Poster-Rosenberg GSA 2013 final

Experimental Evidence for the Presence of Hydronium (H3
Ions in Neoformed, Fibrous and Lath-like Illites.
Rosenberg, Philip E., School of the Environment, Washington State University, Pullman. WA, 99164-2812 (
and Yates, Douglas M., Department of Material Science and Engineering. University of Pennsylvania, Philadelphia, PA.
HRTEM Characterization
In 1998 we characterized, neoformed, lath-like and fibrous illites
synthesized in hydrothermal experiments at 250°C starting with
muscovite(Ms), kaolinite, quartz, and 2M KCl/HCl solutions at high solution
/solid ratios. Solution compositions (pH, mK+ and mH4SiO4) were measured and
recalculated to 250°C (Yates and Rosenberg, 1997, 1998; Yates, 1987).
Temperature corrected pH varied from 2.49 to 4.82. Solids were characterized
by XRD, TEM and ATEM analyses.
Neoformed illites (lengths, ≤ 1.0µm; widths, 0.05 - 0.2µm) which are
probably1M polytypes, crystallized in roughly parallel sets at the edges of
altered Ms grains. Although the chemical compositions of the illites were
reported, the possible relationship between pH and interlayer cation
occupancy was not considered.
The interlayer cation-content (K+Na+2Ca) of Ms grains decreased from
~0.97 to ~0.88 during the experiments. Solutions reacted with kaolinite to
give neoformed illite plus H+ at 250°C. At lower pH where H3O+ is more
abundant, the alkali cation-contents of neoformed illites were also lower,
implying that H3O+ substituted in the interlayer sites in neoformed illites and
probably in Ms, a hypothesis dating back to Brown and Norrish (1952) and
more recently to Nieto et al. (2010).
The interlayer cation-content of neoformed illite appears to be linearly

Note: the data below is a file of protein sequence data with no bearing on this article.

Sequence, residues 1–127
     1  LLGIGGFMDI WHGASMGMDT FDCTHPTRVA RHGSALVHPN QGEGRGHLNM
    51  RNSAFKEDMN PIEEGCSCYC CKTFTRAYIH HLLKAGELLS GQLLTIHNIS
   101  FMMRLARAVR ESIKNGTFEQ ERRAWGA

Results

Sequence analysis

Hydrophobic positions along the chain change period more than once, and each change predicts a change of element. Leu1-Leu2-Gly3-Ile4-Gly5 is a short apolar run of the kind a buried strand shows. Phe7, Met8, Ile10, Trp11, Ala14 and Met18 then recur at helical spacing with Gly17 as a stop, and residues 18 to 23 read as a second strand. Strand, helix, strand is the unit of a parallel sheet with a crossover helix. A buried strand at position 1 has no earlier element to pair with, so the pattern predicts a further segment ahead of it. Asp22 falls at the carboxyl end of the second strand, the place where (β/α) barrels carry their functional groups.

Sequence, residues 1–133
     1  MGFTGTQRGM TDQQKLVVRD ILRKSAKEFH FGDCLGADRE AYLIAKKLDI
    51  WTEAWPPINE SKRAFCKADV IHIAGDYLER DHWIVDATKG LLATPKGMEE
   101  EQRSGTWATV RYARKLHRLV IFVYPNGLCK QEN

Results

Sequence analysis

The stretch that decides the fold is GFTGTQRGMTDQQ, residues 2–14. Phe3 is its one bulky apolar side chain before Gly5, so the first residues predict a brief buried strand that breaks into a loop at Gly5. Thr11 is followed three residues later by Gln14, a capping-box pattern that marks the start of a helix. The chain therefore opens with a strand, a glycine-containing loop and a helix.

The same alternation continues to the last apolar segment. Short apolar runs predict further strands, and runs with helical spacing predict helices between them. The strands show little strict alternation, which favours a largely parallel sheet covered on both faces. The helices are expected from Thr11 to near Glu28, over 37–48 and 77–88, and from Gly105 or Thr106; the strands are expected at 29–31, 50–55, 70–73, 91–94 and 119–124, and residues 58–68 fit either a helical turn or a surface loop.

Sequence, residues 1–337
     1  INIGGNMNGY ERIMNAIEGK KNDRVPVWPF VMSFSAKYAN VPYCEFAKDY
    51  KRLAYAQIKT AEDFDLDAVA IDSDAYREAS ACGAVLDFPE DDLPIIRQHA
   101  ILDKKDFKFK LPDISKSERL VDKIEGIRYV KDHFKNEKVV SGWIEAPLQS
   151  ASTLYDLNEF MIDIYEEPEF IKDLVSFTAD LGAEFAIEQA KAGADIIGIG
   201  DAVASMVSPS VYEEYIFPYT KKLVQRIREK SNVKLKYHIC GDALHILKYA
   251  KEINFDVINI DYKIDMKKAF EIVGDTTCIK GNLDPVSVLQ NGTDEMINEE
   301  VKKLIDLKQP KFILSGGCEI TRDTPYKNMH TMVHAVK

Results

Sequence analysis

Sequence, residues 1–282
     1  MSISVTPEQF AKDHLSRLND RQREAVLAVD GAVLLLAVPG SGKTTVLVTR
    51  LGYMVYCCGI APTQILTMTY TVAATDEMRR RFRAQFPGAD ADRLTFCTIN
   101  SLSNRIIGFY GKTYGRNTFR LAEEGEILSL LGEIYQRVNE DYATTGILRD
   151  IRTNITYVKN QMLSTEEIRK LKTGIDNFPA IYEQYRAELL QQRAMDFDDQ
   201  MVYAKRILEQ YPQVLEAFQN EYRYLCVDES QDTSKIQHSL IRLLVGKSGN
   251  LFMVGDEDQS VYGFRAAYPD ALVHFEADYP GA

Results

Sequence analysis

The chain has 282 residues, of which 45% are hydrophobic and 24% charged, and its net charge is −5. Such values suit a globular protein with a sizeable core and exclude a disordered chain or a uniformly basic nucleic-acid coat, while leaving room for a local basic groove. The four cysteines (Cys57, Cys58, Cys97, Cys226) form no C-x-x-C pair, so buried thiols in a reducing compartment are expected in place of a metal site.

dependent on pH: (K + Na +2Ca) = 0.055pH + 0.527, R2 = 0.96, n = 5. Neutral
pH is ~ 5.7 at 250°C. Thus, all experiments were in acid solution. Extrapolation
suggests that a pH of 6.38 would be required for neoformed illite to attain
end-member composition (~K0.88) at 250°C. The temperature dependence of
the linear relationship is unknown.
Pore water pH is 4.5-6.0 in siliceous sedimentary basins (Bjorlykke and
Egeberg, 1993). Illite precipitates during diagenesis at depths > 3500 m and
temperatures ≥ 120°C (Lanson et al., 2002). Pore water is acid under these
conditions. Thus, H3O+ will be available and should enter interlayer sites in
neoformed illites and alkali-deficient muscovites. Dehydration results in the
loss of H3O+ from interlayer sites, probably leading to partial collapse of the
structure to form metastable illite with pyrophyllite domains.
In 1998 we synthesized neoformed, lath-like and fibrous illites in hydrothermal
experiments at 250°C (Yates and Rosenberg, 1998). These illites which crystallized in
roughly parallel sets at the edges of altered muscovite grains, were characterized by XRD,
TEM and ATEM studies. The average alkali-site occupancy of muscovite grains decreased
from 0.97K to ~0.88 K/O10(OH)2 during the course of the experiments (Yates and